You don't have to be from France, Oleg Cassini told a room full of hopeful young fashion designers. But, if you ever hope to become a designer, you do have to go to New York.
The famous American designer was in Salt Lake recently to promote his new fragrance ("Cassini") at ZCMI. The 77-year-old legend took time out from autographs to speak to a group of Brigham Young University fashion majors.Most in the audience were young women. Cassini seemed to enjoy chiding them.
"You want to be a designer?" he asked. "There's got to be a price. Are you willing to dedicate the time it takes? To go where you have to go?"
You'll get your foot in the door of a big New York design house, he told them, especially if you can sketch well and have an eye-arresting portfolio.
After that, your talent and drive will carry you to the top, he predicted. "Unless, of course, you get married. Or, another ridiculous possibility, unless you have children."
"A lot of us are already married," replied a student.
He smiled. He complemented various students on their youth, their beauty. But beneath his banter, Cassini was serious about sacrifice.
Oleg Cassini was the first U.S. couturier to equal the fame of the French designers. Jackie Kennedy cinched Cassini's place in history when she made him her personal designer. She wowed the world in his pillbox hats, simple suits and elegant evening dresses.
"Do you know who I am?" he asked the BYU students. "You don't know my greatness. I will tell you."
His biographers say he was born in France, which he was, Cassini said, but only by a fluke. His father was a Russian count who was in the diplomatic corps in France, in 1913, when Cassini was born.
When the revolution came, and "we were all thrown out of Russia, I found myself a little boy in Florence, Italy."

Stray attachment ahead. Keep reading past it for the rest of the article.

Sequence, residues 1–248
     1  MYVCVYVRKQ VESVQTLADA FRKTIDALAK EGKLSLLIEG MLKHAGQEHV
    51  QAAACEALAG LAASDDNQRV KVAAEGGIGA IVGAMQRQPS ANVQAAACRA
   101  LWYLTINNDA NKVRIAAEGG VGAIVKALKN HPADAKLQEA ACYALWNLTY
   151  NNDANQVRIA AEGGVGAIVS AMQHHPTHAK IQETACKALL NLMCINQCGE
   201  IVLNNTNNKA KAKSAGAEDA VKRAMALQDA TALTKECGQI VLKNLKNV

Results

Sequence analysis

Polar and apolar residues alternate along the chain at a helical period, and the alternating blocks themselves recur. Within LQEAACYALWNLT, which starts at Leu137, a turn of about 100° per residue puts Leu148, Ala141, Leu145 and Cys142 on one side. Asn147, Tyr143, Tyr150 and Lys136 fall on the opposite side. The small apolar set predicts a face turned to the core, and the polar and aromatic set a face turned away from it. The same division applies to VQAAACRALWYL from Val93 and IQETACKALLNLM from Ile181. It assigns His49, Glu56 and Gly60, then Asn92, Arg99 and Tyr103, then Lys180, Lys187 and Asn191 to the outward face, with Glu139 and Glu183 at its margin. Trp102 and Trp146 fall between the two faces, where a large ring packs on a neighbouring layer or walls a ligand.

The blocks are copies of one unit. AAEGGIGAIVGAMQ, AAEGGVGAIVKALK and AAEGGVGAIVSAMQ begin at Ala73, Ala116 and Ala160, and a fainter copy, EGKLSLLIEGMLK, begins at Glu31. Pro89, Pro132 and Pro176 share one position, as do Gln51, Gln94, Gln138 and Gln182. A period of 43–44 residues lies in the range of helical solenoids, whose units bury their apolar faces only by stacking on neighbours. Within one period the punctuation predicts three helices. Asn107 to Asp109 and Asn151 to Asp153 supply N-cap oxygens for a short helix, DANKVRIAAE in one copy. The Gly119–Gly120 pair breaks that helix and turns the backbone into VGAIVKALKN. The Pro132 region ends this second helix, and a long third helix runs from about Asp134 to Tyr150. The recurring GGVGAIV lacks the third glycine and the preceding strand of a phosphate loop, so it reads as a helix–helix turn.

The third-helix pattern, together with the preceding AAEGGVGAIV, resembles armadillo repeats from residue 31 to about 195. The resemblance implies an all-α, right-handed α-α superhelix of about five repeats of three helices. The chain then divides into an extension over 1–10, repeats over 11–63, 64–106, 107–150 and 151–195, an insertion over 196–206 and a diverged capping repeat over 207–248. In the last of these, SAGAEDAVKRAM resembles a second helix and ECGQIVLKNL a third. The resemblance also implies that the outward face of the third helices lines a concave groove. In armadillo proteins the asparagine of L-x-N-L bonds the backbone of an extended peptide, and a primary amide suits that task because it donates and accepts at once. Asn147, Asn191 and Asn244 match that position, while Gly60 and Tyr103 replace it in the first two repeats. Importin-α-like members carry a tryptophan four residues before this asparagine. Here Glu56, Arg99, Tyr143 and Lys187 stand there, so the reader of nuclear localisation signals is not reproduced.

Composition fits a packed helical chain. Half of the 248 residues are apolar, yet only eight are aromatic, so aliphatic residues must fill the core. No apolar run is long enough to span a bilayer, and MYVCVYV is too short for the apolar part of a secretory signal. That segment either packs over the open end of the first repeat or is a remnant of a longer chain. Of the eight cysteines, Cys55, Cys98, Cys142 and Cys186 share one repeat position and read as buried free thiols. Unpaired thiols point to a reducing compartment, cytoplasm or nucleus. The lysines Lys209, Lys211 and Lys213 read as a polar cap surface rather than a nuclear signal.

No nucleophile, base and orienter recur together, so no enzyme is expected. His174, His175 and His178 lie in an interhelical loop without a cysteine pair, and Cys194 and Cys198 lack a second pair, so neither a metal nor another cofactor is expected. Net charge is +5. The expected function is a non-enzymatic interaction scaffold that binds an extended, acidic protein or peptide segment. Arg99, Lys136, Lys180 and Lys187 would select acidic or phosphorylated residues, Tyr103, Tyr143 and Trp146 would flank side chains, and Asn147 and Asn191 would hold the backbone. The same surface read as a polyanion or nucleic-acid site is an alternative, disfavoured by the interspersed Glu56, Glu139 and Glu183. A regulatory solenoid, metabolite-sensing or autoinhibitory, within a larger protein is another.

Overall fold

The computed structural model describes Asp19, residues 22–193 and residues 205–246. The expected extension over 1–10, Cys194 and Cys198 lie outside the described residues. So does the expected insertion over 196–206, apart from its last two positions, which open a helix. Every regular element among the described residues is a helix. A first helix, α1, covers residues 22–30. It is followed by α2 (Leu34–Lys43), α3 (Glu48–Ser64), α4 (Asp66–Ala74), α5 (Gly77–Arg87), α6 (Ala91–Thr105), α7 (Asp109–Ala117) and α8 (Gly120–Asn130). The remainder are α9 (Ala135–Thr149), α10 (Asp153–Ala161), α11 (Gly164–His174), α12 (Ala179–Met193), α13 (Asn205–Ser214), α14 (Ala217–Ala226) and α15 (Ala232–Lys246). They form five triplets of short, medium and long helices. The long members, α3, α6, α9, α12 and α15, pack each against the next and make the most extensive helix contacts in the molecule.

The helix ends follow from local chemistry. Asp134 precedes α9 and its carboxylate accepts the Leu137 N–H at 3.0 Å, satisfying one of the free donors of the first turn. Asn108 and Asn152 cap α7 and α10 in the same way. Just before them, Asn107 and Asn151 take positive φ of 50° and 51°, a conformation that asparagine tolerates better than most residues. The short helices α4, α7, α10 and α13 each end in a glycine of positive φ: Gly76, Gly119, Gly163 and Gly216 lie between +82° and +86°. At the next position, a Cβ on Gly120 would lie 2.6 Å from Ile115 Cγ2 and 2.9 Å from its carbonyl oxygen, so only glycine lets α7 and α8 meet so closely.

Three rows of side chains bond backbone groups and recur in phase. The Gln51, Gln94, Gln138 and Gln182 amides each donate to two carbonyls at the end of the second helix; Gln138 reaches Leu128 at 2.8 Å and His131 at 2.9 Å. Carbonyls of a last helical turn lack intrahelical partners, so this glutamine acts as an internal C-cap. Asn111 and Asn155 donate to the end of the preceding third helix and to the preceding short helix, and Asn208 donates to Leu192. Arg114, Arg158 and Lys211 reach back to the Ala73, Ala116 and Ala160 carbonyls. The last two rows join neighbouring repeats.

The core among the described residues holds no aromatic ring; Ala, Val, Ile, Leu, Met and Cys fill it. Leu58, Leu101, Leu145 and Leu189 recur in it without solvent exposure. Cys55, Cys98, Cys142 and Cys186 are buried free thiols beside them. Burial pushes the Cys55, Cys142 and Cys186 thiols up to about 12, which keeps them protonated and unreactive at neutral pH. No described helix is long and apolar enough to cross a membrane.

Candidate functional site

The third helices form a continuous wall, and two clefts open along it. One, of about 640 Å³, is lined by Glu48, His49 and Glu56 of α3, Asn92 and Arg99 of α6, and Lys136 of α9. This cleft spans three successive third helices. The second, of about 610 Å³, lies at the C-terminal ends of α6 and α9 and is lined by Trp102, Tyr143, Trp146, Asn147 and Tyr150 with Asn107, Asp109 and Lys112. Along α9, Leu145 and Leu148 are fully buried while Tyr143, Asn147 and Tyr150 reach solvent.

The medieval city, "so tranquil, so beautiful," shaped his sense of design. As a young man, he worked in his mother's dress shop, then went to France, to the house of Patou. Next he opened his own salon.
"It was the first time an Italian had competed with the French," he told the students. They seemed interested, but not impressed enough, apparently. "Am I boring you?" he asked several times, as he described his career.
"Then I made the mistake of my life," he said. He struck out for New York - at the height of the Depression. "I was sometimes hungry. I know the other side of the picture."
Cassini migrated to California. There he met the woman he would marry, Gene Tierney. "In the pantheon of beauties in the movies, she was the most beautiful." The starlet helped Cassini get hired designing costumes before and after he served in World War II.
Cassini said that, after the war, "now I was not so young anymore." To stay in California would be to give up a great challenge, he believed. "You can die many times in life."
Tierney promised to divorce him if he didn't come with her on location during her next film. He told her to do what she had to do, and he would do what he had to do.
It was in the early 1950s. "I decided to quickly try to pick up 10 years of my career." Cassini went to New York and started a collection. He found an investor who put up $100,000. "For three months I worked 12 hours a day. I only ate once a day. I didn't want to talk to people, to be influenced by anyone. I kept my concentration."
To this day, he said, he benefits from that work. "I revolutionized Grace Kelly's look," he said. "Then Jackie Kennedy's."
In fact, he said, he was the first one to create The Total Look (dress, shoes, purse - all designed to be worn together). "I revolutionized the world of fashion."
With the proper attitude, they could do the same thing. "What's important in your life," he asked. "Is it success or a happy marriage?"
And if you choose a career, don't forget the importance of self-propaganda, he added. "If you say you are a fashion designer . . . you are."